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How is HR adding value to your organization?

HR adding value image

Many employees view human resources as the company watchdog, focused only on compliance issues such as documentation, wage and hour laws, and preventing harassment or discrimination. But compliance, even though critical, is the minimum level of HR contribution. The human resources department can actually be an incredibly valuable strategic partner to management at any organization. Here are two areas in which HR helps contribute to the bottom line. If your HR group lacks either time or skills to work in these areas, you may want to consider outsourcing HR projects or management to complement your existing staff.

Invest in your key assets – your staff

For many organizations, the largest asset on the books is the talent your payroll brings to work each day. How are you protecting and growing the value of that asset?

Training is many times a given for entry- and lower-level positions, with strictly regulated routines. But as employees move out of task-oriented jobs into autonomous management roles, training for these new positions often lags behind.

No one is born a manager. In addition to the technical skills a newly promoted employee may already have, he or she needs support in other areas: managing for engagement, leadership, communications, and conflict management, among others. Those skills can be learned numerous ways, including professional development classes, mentoring or coaching, and on-the-job training.

The best combination depends on the employee and the skills needed, but generally it is a combination.

Professional development sessions are excellent for teaching employees more about self-management as well as managing others. On-the-job can be another great way to grow employees’ skills – but only if the manager or supervisor is demonstrating those skills in a way you want the employee to mirror!

You may not be able to draw up a professional development program for each employee. But it is your job as a leader to look for the next generation of leadership to build on strengths and minimize weaknesses that could prevent them from assuming that role.

This approach pays off in two ways: First, you increase the potential of your employee capital to earn for the company. And second, you have built “bench strength” across your organization so that no single person is so critical that his or her departure would cripple the company’s ability to perform.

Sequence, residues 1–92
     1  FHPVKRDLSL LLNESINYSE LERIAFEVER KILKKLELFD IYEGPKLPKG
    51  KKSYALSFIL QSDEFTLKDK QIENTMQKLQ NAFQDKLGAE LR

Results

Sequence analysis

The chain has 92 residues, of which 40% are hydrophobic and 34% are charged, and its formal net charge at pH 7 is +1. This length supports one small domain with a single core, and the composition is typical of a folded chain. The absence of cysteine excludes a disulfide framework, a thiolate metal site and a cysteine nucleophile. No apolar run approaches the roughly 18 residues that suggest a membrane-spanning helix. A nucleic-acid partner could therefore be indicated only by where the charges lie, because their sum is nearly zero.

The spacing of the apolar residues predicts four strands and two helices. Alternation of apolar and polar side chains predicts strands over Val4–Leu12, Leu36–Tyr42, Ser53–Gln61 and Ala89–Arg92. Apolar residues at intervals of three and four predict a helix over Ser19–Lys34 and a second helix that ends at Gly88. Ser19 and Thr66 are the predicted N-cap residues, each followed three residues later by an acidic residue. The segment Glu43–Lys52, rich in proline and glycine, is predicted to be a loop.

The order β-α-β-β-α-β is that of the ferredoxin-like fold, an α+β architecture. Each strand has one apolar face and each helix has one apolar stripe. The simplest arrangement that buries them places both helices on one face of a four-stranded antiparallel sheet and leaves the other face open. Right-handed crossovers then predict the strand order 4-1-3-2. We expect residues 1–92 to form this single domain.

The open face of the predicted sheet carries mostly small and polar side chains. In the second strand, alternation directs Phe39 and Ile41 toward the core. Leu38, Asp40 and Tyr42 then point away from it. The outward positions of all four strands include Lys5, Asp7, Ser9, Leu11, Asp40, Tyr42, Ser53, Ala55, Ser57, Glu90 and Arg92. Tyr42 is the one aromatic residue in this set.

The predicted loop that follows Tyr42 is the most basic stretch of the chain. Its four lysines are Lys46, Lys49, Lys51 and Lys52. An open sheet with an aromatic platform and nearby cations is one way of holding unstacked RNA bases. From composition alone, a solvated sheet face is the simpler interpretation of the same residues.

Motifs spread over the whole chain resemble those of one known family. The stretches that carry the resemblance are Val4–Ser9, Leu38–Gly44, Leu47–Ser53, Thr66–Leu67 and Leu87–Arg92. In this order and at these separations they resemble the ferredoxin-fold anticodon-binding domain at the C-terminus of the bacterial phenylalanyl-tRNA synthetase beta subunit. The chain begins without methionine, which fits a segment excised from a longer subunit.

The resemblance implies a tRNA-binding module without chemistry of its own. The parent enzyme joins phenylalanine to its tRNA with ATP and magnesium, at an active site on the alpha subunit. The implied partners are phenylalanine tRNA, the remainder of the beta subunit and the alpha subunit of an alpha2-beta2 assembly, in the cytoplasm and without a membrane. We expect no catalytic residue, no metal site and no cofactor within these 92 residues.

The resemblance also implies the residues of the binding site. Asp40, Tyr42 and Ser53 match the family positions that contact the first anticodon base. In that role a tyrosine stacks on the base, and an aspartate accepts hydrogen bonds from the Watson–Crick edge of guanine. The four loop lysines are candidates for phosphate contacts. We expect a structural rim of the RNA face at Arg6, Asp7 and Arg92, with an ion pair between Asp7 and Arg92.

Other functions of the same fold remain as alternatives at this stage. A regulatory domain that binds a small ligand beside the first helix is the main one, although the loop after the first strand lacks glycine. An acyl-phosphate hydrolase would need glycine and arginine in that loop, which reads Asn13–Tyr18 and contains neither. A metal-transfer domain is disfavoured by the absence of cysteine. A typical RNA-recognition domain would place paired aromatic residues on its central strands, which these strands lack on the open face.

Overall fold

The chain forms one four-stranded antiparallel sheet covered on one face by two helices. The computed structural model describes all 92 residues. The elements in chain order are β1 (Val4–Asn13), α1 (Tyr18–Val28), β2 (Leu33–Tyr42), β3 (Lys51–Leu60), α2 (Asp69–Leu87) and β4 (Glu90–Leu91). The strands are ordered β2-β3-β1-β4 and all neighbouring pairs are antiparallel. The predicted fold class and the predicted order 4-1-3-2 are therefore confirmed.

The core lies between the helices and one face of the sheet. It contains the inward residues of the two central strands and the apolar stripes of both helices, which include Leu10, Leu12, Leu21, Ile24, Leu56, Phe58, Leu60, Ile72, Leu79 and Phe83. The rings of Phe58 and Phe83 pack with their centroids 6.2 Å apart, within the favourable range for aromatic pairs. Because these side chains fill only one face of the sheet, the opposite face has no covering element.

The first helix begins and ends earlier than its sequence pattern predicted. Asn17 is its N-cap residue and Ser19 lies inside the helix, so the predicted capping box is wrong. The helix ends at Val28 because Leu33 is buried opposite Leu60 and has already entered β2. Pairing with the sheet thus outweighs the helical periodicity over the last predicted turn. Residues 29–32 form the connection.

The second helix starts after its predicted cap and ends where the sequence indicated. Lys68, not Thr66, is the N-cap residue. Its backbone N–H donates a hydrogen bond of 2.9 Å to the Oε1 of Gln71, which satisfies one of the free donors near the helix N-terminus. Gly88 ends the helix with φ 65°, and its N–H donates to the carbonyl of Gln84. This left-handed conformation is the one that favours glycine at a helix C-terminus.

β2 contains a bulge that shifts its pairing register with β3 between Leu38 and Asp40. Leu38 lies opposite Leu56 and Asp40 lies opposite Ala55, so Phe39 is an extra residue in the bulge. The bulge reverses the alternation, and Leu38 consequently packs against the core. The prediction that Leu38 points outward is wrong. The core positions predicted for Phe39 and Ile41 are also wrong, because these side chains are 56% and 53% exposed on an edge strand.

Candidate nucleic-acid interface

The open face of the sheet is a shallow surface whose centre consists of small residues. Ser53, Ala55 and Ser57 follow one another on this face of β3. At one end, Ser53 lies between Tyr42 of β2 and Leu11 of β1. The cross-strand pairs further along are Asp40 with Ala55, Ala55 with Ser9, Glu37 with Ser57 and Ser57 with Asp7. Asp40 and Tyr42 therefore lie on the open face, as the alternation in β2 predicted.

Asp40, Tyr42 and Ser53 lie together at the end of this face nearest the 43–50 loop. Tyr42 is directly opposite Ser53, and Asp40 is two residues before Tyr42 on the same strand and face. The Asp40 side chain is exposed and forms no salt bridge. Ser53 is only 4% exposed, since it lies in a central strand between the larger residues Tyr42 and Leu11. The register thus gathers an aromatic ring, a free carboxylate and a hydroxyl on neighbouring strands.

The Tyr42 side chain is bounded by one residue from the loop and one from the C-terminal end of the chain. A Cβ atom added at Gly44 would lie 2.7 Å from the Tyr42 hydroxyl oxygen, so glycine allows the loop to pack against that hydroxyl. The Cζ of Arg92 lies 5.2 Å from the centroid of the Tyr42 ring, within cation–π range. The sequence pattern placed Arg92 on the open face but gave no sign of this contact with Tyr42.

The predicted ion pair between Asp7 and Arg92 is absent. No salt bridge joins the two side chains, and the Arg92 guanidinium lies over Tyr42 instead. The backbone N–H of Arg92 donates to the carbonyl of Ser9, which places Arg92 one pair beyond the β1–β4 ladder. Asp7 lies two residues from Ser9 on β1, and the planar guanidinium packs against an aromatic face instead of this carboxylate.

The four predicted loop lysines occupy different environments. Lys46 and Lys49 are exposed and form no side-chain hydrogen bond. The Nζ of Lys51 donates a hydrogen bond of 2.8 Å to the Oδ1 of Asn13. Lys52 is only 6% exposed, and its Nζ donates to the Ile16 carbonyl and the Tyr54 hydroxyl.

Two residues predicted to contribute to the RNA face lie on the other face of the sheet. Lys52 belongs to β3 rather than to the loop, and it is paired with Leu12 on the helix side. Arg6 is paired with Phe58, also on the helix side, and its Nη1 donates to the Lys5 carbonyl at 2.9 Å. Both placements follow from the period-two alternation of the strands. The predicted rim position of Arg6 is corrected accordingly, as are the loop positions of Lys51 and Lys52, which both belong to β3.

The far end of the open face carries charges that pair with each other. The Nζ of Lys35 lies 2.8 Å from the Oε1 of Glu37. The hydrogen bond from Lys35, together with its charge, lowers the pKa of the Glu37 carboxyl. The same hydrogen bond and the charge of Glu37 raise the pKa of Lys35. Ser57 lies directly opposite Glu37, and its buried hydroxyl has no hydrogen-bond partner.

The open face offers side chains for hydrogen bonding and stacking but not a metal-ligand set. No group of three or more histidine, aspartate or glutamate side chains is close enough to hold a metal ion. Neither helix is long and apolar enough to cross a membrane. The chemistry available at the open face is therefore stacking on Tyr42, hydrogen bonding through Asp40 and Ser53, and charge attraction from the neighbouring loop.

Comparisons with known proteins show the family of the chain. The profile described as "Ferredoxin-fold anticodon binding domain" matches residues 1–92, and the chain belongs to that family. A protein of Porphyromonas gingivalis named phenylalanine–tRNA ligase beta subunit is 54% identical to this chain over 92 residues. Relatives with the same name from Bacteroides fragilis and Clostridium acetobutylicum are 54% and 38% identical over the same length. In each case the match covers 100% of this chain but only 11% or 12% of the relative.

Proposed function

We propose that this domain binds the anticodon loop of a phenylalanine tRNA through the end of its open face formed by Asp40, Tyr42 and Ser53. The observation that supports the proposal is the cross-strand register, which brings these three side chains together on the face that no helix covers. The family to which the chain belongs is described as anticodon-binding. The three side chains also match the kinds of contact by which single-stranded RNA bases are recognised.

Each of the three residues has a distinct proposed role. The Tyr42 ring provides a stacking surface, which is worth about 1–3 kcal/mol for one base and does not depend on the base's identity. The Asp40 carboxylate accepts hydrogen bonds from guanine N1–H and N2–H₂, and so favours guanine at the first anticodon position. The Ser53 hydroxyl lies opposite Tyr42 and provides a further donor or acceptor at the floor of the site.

Cost-effective employee retention

Of course, investing in your employee capital pays off only if you retain them. A study from staffing firm Robert Half showed that inadequate salary is one of the top reasons employees leave jobs. While companies may claim they can’t afford to pay more in salary – the truth is that they’ll often end up paying MORE in turnover costs.

A Hay Group study of retention estimates that the average turnover cost of a $40,000 professional is 18 months’ salary ($60,000), and six months’ salary for a $12-an-hour worker ($12,500). So if your salaries are not competitive with the labor market, you may be saving pennies to spend dollars.

A lack of challenge is another main cause for employees to look elsewhere. In a 2017 Korn-Ferry survey of nearly 2,000 professionals, 73 percent said that if they plan on being in the job market this year, it’s because they’re looking for a challenge.

Yet another key reason employees leave is for a “better benefits package” – and here’s one place HR can definitely affect the bottom line. Use an employee survey to find out which benefits are most important to your employees.

Surprisingly, it’s not always the most costly ones. For example, flexible work scheduling, one of the most desired employee benefits, costs an employer very little compared to other benefits employees value less but which cost more to provide. By understanding which benefits are most critical to employee recruitment and retention, you have the potential to both increase employee retention and cut costs.

Bottom line: in an increasingly competitive labor market, attention to human resources best practices can offer much more than regulatory compliance. HR can be a strategic advantage as well as a profit contributor if you are willing to broaden your thinking about HR’s role in your company’s success.

Summary

For more information on the value of HR, contact Carrie using her information below.

Carrie Cox, PHR, SHRM-CP

Senior Organizational Development Consultant,
Organizational Development & Family Business Services
Carrie has experience in a variety of human resource functions, including labor laws, compensation structures, employee classification, benefits administration, performance management, and human resource best practices. She has served clients in a number of industries including manufacturing, construction, banking, and not-for-profits. Carrie is a member of the national and local chapters of the Society of Human Resource Professionals (SHRM) and serves on the Wichita chapter board of directors.

She is a certified practitioner for the Myers-Briggs Type Indicator® and the Hay Group’s Emotional and Social Competency Inventory. Her additional certifications include Professional in Human Resources (PHR) from the Human Resource Certification Institute and SHRM-CP designated by the Society for Human Resource Management.
Carrie Cox photo
Carrie Cox, PHR, SHRM-CP
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